Following the conference, the Patent Office granted the patent in its present form on May 23, 1950.
Upon the basis of the foregoing undisputed facts, this Court finds that plaintiff has no evidence of fraud either by McIlroy or Gammons; or if there is any evidence, that offered together with that available fall far short of what is requisite in a suit for cancellation of a patent for fraud. United States v. American Bell Telephone Co., 167 U.S. 224, 251, 17 S. Ct. 809, 42 L. Ed. 144.
There has been no showing that under any statute, or rule of the Patent Office, or professional custom, or canon of ethics there is any explicit or implicit obligation resting upon an applicant for a patent or his solicitor to disclose to the Patent Office all the material which he has used in evolving the invention he claims. Cf. Becton-Dickinson & Co. v. Robert P. Scherer Corp., D.C.E.D.Mich., 106 F. Supp. 665, 674-675, affirmed 6 Cir., 211 F.2d 835.
The applicant's obligation under 35 U.S.C. § 115 and under former Rule 46 was to state whether to the best of his knowledge and belief the invention has been described in any printed publication. Of course, a putative inventor must disclose any printed publication which he either knows or believes describes the very invention claimed. United States v. American Bell Telephone Co., 128 U.S. 315, 355-356, 9 S. Ct. 90, 32 L. Ed. 450. More than this, if he knows of a printed publication which plainly describes his claimed invention, or comes so close thereto that every reasonable man would say the invention claimed was not original but had been anticipated, then regardless of his personal view that he is the original inventor, he will not be excused for his failure to disclose his knowledge. But the applicant has no duty to cite every publication of which he knows, or which he has used, merely because the publication is one likely to be referred to by a vigilant examiner in the Patent Office, or by a rival in an interference or other proceeding. It is not the object of the quoted statute or rule to supply all available evidence to the Patent Office, or to force the applicant to set up what he regards in good faith as straw men which he reasonably and in good faith believes he can knock down.
In the case at bar the evidence overwhelmingly points to McIlroy's belief that his claimed invention was not described in any prior printed publication, to his good faith in entertaining that belief, and to the reasonableness of that belief. While the Government contends that McIlroy's work was not original, McIlroy consistently regarded the four theses as not being an anticipation, and it seems that his view is shared by one of the four recipients of a master's degree, Quill, and by Moore, who admittedly may be biased because of his employment by defendant. For his conclusion McIlroy had at least two grounds which subjectively and reasonably persuaded him, even though objectively they might not have the slightest persuasive effect upon a court required to pass upon the issue of the validity of the patent.
First, McIlroy knew that the margin of his advance over the four theses was sufficient for M.I.T., acting on the recommendation of two highly qualified professors, to award him a doctor's degree. To be sure, that decision of M.I.T. did not involve a determination by the Institute that the margin constituted patentable invention. Yet, it was reasonable for the author of the thesis to assume that the margin which seemed adequate to the M.I.T. faculty in considering a doctoral candidacy was at least as great as the margin which would be required *953 by the Patent Office and the courts to constitute patentable invention.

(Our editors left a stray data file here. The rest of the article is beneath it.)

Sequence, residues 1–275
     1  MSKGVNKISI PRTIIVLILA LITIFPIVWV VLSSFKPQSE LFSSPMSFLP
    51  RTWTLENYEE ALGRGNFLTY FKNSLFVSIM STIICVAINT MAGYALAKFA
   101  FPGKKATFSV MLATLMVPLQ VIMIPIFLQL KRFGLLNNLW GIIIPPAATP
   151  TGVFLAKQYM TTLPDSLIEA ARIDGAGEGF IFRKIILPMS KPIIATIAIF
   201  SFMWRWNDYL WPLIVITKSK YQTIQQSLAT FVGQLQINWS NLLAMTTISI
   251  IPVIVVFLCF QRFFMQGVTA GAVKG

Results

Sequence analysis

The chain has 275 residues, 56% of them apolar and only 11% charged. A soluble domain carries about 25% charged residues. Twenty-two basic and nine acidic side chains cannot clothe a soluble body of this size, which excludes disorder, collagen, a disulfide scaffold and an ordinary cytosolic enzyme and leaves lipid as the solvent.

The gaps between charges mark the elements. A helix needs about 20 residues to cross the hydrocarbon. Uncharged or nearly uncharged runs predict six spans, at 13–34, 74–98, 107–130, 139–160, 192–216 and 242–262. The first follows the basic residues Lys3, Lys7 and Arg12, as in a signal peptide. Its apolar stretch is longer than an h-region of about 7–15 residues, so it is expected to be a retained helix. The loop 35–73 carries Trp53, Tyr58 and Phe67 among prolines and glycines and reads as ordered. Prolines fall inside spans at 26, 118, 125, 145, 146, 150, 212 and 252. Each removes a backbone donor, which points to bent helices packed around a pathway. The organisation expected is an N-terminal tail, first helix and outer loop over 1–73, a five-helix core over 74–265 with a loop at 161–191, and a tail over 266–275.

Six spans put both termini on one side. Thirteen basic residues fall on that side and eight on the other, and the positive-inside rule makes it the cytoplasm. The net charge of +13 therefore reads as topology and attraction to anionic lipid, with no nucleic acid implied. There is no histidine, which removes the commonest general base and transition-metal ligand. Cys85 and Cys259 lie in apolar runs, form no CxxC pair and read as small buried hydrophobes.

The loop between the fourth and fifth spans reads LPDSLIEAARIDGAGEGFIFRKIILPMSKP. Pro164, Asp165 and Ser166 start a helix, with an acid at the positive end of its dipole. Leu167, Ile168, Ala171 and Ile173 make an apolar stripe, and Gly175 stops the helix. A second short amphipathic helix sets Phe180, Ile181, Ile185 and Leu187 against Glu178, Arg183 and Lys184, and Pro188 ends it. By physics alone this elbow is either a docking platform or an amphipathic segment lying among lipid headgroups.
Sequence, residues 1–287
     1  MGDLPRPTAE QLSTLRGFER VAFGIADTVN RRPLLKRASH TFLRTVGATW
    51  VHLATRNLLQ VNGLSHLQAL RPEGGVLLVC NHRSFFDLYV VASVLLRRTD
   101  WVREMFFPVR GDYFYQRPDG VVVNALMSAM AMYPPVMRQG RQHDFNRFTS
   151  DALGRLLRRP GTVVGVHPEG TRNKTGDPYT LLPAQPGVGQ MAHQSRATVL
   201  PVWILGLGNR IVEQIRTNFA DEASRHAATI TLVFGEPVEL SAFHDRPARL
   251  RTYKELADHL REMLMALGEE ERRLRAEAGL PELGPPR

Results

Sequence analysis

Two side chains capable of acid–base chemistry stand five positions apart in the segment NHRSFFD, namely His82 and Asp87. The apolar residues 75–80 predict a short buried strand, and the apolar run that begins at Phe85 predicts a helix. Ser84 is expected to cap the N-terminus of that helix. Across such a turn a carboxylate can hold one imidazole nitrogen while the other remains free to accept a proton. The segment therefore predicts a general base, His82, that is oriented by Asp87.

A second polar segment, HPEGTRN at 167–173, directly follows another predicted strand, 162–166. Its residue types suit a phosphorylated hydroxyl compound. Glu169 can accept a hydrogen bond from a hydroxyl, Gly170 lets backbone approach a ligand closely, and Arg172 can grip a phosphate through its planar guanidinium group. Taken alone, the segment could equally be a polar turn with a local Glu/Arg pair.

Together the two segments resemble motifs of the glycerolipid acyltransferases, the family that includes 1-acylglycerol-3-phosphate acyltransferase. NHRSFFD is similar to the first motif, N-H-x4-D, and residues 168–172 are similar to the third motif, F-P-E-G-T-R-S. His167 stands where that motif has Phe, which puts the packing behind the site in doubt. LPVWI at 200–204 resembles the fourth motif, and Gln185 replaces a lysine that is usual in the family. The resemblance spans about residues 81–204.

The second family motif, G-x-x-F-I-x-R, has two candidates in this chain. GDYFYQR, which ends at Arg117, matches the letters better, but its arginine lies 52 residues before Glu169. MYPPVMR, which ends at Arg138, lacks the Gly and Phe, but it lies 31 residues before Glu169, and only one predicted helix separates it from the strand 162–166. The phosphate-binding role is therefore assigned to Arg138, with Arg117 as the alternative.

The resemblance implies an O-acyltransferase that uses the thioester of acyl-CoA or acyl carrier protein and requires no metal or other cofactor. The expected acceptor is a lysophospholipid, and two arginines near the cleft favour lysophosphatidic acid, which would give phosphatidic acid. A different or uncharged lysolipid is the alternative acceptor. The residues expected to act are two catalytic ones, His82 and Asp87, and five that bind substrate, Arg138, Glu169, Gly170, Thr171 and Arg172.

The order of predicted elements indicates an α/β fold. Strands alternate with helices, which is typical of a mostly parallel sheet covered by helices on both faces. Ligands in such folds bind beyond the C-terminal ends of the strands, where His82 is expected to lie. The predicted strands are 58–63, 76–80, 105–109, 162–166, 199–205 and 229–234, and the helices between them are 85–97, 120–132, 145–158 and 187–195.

Second, he submitted to counsel of experience and prima facie good standing, the full text of his thesis which summarized the earlier progress in the art and specifically cited and commented upon the four masters' theses. There is no indication that the summary was unfair. Moreover, in a conference with Gammons, McIlroy supplemented this written summary by an oral statement about the four masters' theses. McIlroy's patent solicitor did not regard it as necessary that he himself should study the masters' theses before he prepared the oath for McIlroy. And Mcllroy accepted the prepared oath as consistent with his own views as well as his lawyer's.
The Government has not filed any affidavit reciting any evidence (aside from McIlroy's use of the masters' theses) indicating McIlroy's lack of good faith. At the pre-trial the Government disclaimed any intention of summoning to the trial any witnesses except expert witnesses on the issues of originality and anticipation. McIlroy, being dead, cannot himself be examined. Nor has the Government in its pleading alleged that Gammons was in bad faith, nor has it argued that if Gammons were called to the stand for cross-examination it might show that he or Mcllroy was in bad faith. One can imagine, of course, cases in which an applicant makes an incomplete disclosure to his solicitor, or deliberately selects a solicitor who is inexperienced, or careless, or gullible. One can suppose a solicitor aiding the client to make a representation which the solicitor believes is inadequate, or in which the solicitor has no confidence, or for which the solicitor knows there is no adequate basis. Cf. Restatement, Torts, § 526. Such a representation by the client or indeed by his solicitor (cf. Restatement, Agency § 259) might well warrant a cancellation. But the Government has never suggested that if testimony were elicited from Gammons on the stand or by deposition, the case at bar would turn out like one of those supposititious situations. Hence this is not like those cases of alleged fraud in which a court refuses to sanction a motion for summary judgment because it wants to give the complainant an opportunity to cross-examine, the alleged tort-feasor.
Beyond what this Court now has before it, all that the government is prepared to try to show is that McIlroy and Gammons were mistaken in their estimate of the legal effect of the four masters' theses, and that these four theses were the original of, or an anticipation of, the claims of invention. Such a showing together with the evidence now before this Court would not constitute proof of fraud. Cf. United States v. Cold Metal Process Co., 6 Cir., 164 F.2d 754. It would not be an appropriate foundation of a suit for cancellation on the ground of mutual mistake. Ibid. It would be effective only if the Government had a right to cancel a patent on the ground of invalidity because of anticipation by publication in the prior art. There are some who believe that the Government ought to have a right to bring such a suit. See, for example, Senate Report No. 1464, S.Res. 92, 84th Cong., 2nd Sess. p. 13. But so far Congress has not agreed to give the Government this right. And it is unsuitable for a court without legislative authority behind it, to create this right. Cf. United States v. Bell Telephone Co., 167 U.S. 224, 17 S. Ct. 809, 42 L. Ed. 144.
Motion for judgment for defendant granted.NOTES
[*] Now Patent Office Practice Rules, rule 65, 35 U.S.C.A.Appendix.